Adelaide is an odd place when the sun goes down. It's like the whole city has small-man syndrome — it doesn't care what you think but also desperately wants your approval. The nightclubs here are either dead empty or packed to the point of being a fire hazard. It's a city of strange opposites, but it's my city, and I'm proud of it.
But to love something is to also love its faults, which is why I went out last Saturday night. I wanted to revel in Adelaide's night-time shitness and see if it made me feel pride, defensiveness, nostalgia for my student days, or shame. So I turned to yelp.com to find the city's worst nightclub reviews, and set out to visit the bottom six.
Here was the list:
2. Red Square
4. The London Tavern
What Yelp said: "I've been here only once. Never again. That is all. Oh, you want more? Feel free to go along, pay the ridiculous cover charge, and see why I avoid this place like the plague."
Things kicked off with the $10 cover fee to get into Apple, but besides a lone bartender, the place was dead at half ten. It was a nice space with bar staff that looked like they could sling a cocktail. Downstairs smelled like industrial strength antiseptic and the only people in the place were hanging around upstairs listening to hip hop. Everyone looked about 18 and the DJ played to an empty dance floor, which was romantic but also quite sad.
In spite of what some of the reviews say, the door-staff were really quite lovely, although they got a little defensive when I pointed out that the place was empty. "You should have been here last night," said one. Then they worked out I was writing an article and they wanted to know what I'd say. I said it was about Adelaide's nightlife and the guy told me Adelaide's nightlife sucks because of cheap flights to Melbourne.
This is a common sentiment. This city has always had a confidence problem and our insecurity soaks deep into everything we do. As a people, we will always be the first to explain, in very clear detail, how terrible we are to anyone who cares to listen. But the moment an outsider has something to say on the subject, we're already halfway across the table with a knife in our teeth.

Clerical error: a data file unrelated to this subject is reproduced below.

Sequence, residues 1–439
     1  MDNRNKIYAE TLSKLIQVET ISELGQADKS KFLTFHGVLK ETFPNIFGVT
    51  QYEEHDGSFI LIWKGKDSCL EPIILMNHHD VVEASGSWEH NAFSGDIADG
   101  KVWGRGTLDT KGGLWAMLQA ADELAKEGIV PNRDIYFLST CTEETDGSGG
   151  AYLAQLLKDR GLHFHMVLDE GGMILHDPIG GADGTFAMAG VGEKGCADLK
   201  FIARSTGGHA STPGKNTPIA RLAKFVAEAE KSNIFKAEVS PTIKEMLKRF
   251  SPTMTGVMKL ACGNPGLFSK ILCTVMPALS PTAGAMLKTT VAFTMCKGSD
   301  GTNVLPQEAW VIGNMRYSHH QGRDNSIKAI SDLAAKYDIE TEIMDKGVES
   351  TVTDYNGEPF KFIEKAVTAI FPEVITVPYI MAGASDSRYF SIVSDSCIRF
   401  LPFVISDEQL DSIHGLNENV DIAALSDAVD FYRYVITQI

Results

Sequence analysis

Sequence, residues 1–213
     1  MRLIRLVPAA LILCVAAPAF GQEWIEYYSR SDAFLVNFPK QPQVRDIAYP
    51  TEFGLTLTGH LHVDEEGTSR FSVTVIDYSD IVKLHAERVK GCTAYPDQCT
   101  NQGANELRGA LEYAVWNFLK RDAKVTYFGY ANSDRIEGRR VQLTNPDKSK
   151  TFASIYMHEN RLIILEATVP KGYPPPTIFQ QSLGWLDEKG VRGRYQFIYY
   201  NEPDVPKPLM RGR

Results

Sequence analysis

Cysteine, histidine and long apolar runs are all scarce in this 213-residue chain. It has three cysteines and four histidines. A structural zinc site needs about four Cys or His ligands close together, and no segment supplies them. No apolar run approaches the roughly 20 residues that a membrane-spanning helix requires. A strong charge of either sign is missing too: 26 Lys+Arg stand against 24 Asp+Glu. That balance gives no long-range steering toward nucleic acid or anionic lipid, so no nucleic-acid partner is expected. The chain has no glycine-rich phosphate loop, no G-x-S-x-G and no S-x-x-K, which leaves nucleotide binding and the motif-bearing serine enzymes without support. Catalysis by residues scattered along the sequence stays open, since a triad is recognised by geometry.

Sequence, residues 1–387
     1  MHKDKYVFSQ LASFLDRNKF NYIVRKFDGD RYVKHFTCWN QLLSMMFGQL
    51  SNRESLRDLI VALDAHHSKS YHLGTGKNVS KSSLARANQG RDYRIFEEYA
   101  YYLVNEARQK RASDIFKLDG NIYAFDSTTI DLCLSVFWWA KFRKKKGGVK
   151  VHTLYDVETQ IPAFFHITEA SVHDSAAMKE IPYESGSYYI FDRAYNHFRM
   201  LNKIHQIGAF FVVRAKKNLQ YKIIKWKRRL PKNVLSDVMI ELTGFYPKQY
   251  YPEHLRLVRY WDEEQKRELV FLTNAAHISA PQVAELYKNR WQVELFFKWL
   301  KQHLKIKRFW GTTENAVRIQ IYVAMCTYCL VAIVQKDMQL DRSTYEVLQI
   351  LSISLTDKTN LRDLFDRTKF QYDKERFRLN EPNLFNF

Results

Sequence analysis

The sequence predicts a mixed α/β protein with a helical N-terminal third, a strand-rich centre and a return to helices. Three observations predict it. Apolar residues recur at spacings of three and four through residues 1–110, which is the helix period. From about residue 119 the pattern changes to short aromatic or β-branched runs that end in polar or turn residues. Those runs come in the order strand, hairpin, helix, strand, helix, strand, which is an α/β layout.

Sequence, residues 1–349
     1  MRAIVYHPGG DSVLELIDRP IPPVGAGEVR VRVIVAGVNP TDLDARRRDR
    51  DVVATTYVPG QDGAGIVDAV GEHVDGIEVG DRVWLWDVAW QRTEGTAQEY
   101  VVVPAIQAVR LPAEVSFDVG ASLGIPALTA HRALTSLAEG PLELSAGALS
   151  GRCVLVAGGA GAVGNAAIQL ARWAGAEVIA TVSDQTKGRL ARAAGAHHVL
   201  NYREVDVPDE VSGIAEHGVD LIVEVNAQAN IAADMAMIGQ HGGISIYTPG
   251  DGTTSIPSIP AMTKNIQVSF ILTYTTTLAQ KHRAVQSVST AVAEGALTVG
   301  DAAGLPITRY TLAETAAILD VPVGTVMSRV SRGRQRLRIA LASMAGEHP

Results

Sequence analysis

What Yelp said: "Ah, Mansions. I don't have too many recollections of Mansions from the boozy haze that was my first year at uni, but I remember it being quite the dingy old bar. Nowadays, a place like Mansions isn't so appealing."
Mansions is Adelaide's premier seedy restaurant by day/bar by night, while also catering to the university pub-crawl circuit with a firm belief that volume always trumps quality.
But unfortunately the place was closed for a private function.
The London Tavern
What Yelp said: Cheap drinks! Cheap drinks! Did you kids hear they have cheap drinks? This place is a bit of a dive on weekends, but it's a damn popular one for the reasons listed above. Do not go here to meet people because the people often get into fights. Do not go here to have a nice chat, because it gets bloody rowdy Saturday nights. Go here to drink.
Next I made the Rundle Mall run to the London Tavern, which is another shady restaurant-slash-nightclub deal in a basement on North Terrace. I'd heard the stories about the place: of seedy drunks doing terrible things in the booths and of on-leave army guys starting brawls. But I saw none of that. What I saw were a bunch of sticky floors, some jaded, veteran glassies who would drop you rather than take any crap, and a bunch of kids having a good time. So I took photos on my phone and left.
Outside I overheard a young woman talking with three cops twice her size. It was kind of a cute tableau so I took a photo and she responded with some standard Adelaide smack talk. "YEAH, GET A PHOTO OF ME FOR YOUR LITTLE JOURNAL LOOKING FUCKING STUPID!"
Aggression has long defined Adelaide's nightlife, which is why a few years back there was a push among small venue operators to nurture a new style of social interaction. At the same time a national conversation about drinking culture began, and Adelaide's players spied an opportunity. It was thought that a 'small bar' license and a 3am lock-out policy might change Adelaide's drinking culture, and maybe even stop knifings along Hindley Street.